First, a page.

I've done research over the last year in game design by reading some of the most well-known books in the field. Making interesting decisions is one of the fundamental elements of fun in games. I'm also learning( still a novice ) about cognition through two classes I'm taking the semester, Psychology of HCI and Human Factors Engineering.

It seems that what is said about decision making in cognitive psychology could also apply to the decisions we make in games. There's definitely choice and uncertainty while making these choices in games.

It seems one of the hardest parts of game design is coming up with game mechanics that cause the player to make interesting decisions based on these game mechanics.

Could studying decision making/theory/analysis possibly help with this process of creating good game mechanics where interesting decisions emerge from the player analyzing and making decisions based on these mechanics?

It seems obvious that this would be the case, but here recently I talked to someone in the psychology department who has a lot of experience in the subject of decision making who told me that it's not the same thing. They said decision making in the cognitive psychology realm isn't the same as decision making in games. They said you make weighted choices based on your options while playing games, which seems the same to me. But I'm still a novice in cognitive psychology so I feel I must trust the expert.

This is my attempt to get a second opinion.

  • $\begingroup$ I was just reading a paper on decision making and am wondering if the theory part of decision making is about how we can improve decision making and what I'm wanting to know is how we can offer interesting decisions which does sound like two different things. $\endgroup$
    – Joey Green
    Commented Oct 31, 2012 at 15:14
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    $\begingroup$ What do you mean by the decision making in game? Could you provide an example? But as a general comment, for practical issues in soft sciences most of the time practice beats theory. Maybe the latter can be an inspiration (e.g. I saw a paper on how to design a FPS level to make someone feel overwhelmed, when going back and forth in We don't go through Ravenholm in Half-Life 2; I cannot find it now though). $\endgroup$ Commented Oct 31, 2012 at 16:17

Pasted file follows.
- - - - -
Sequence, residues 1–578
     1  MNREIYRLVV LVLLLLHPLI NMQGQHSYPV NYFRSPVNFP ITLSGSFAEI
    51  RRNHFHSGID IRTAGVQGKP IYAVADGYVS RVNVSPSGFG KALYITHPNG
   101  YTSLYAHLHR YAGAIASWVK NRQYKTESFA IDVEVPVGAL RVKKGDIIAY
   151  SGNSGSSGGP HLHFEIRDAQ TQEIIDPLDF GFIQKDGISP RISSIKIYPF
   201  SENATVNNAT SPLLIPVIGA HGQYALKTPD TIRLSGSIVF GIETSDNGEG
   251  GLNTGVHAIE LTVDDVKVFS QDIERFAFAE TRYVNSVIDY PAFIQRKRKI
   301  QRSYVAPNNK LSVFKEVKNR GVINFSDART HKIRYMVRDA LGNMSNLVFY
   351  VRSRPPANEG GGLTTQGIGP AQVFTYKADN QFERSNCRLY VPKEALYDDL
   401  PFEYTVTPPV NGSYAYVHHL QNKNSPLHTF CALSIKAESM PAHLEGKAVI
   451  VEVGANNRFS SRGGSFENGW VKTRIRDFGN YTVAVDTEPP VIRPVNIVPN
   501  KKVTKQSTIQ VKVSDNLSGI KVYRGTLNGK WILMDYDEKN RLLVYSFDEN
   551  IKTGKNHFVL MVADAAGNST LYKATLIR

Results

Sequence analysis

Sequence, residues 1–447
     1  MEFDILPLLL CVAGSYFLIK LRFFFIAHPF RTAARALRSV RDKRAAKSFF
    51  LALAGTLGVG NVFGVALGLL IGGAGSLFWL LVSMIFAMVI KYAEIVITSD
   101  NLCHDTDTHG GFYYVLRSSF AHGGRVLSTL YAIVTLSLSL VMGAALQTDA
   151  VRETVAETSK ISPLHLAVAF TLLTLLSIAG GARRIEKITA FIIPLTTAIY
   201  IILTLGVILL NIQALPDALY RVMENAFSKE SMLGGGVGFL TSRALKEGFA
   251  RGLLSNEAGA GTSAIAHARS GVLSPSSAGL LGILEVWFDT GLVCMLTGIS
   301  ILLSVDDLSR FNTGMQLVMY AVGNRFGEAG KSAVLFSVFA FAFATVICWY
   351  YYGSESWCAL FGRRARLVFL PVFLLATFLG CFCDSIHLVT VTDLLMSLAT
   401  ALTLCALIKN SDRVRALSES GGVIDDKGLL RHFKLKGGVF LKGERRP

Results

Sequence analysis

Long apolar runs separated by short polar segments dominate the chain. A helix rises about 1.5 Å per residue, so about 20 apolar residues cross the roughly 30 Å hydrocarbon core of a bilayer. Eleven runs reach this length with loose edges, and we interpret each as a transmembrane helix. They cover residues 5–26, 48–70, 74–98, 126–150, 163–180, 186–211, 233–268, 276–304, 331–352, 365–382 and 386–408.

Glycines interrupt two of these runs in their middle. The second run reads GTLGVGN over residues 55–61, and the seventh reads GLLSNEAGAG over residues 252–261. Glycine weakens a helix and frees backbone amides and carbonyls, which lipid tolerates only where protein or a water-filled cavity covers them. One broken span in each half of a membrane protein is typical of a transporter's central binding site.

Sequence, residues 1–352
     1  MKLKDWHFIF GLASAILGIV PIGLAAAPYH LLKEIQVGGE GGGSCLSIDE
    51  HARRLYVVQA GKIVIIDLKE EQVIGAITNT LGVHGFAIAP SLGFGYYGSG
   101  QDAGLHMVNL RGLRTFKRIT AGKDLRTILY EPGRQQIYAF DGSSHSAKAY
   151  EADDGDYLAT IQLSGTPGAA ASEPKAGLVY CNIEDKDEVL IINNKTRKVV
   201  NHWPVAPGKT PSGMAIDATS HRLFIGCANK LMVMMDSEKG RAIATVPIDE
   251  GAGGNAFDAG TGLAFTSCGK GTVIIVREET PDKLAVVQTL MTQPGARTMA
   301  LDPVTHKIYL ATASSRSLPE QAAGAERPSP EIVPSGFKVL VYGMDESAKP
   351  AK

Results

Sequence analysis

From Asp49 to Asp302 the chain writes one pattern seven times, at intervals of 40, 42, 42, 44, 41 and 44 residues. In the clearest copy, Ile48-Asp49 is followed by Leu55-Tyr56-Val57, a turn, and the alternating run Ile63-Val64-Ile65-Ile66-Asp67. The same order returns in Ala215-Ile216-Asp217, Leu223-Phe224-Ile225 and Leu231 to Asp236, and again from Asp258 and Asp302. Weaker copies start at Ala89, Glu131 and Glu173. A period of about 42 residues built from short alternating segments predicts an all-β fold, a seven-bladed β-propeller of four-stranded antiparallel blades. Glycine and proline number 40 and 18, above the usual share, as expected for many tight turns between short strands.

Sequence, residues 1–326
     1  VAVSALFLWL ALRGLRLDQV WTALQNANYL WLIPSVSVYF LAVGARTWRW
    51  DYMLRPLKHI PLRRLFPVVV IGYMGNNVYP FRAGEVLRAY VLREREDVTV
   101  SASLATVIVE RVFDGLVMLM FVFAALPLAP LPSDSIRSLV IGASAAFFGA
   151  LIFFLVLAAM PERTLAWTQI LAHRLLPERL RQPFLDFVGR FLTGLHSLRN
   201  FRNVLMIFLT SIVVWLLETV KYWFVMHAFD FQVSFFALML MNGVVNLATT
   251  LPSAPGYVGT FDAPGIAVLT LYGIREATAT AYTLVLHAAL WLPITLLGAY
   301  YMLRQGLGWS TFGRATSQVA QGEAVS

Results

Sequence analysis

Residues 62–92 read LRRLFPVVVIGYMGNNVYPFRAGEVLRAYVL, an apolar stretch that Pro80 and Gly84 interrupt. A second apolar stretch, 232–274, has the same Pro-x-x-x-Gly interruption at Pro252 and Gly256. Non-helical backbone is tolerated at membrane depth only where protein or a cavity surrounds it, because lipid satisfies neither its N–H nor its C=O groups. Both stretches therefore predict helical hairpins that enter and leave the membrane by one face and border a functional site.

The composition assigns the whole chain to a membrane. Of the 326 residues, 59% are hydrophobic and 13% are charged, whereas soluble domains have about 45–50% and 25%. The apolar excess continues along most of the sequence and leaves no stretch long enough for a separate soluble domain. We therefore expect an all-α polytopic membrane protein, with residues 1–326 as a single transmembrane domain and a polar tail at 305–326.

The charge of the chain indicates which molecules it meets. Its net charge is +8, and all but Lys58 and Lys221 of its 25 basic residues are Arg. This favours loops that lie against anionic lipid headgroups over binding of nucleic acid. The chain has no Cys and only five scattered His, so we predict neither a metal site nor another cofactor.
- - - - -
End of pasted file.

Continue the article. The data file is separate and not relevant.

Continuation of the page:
• $\begingroup$ Take tic-tac-toe for example, if your goal is to win then when you place your x or o you have a decision to make as to where to place it so that you're closer to winning. There's information to weigh such as the board state. $\endgroup$
    – Joey Green
    Commented Oct 31, 2012 at 17:54
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    $\begingroup$ OK, I see. However, it that case there are many other psychological things - including feedback you get. So it's more in psychology of games and of learning, than pure decision-making. However I doubt if, from a general point of view, one can say something more than "it shouldn't be to obvious or too random, and one should learn something by reaction (of the environment or opponent) if the decision was good". $\endgroup$ Commented Oct 31, 2012 at 18:12
  • $\begingroup$ agree with Piotr; in a well-structured game, it is possible to determine optimal or normative play, and perhaps assess how and why people deviate from normative strategies. but this doesn't tell us anything about what decisions are "interesting". overall, im still as bit confused as to whats being asked. $\endgroup$
    – Jeff
    Commented Nov 16, 2012 at 9:06

1 Answer 1


This question seems to arise out of a slight terminological confusion. Empirical studies of human decision-making in particular are not covered by decision theory. Decision theory is the mathematical study of strategies for optimal decision-making between options involving different risks or expectations of gain or loss depending on the outcome. These sometimes overlap, such as in economics, but one need not use decision theory to study decision making.

Decision theory could conceivably have some uses in game design, such as identifying dominant strategies (strategies that are always optimal, regardless of what any other player does), but decision theory takes the game rules as a given. Hence, while it can help formalize the mechanics of a set of rules once they are designed, it doesn't have a way to actually generate rules. Decision theory is not so much helpful in designing game rules as in evaluating them.

You may be interested in what's called mechanism design theory, or reverse game theory. In contrast to decision theory, mechanism design theory is designed to work 'forwards' rather than 'backwards.' Instead of taking the rules of the game (or mechanism) as a given, mechanism design theory takes the goal as a given and finds a suitable mechanism. This seems to more closely fit what the question is looking for.


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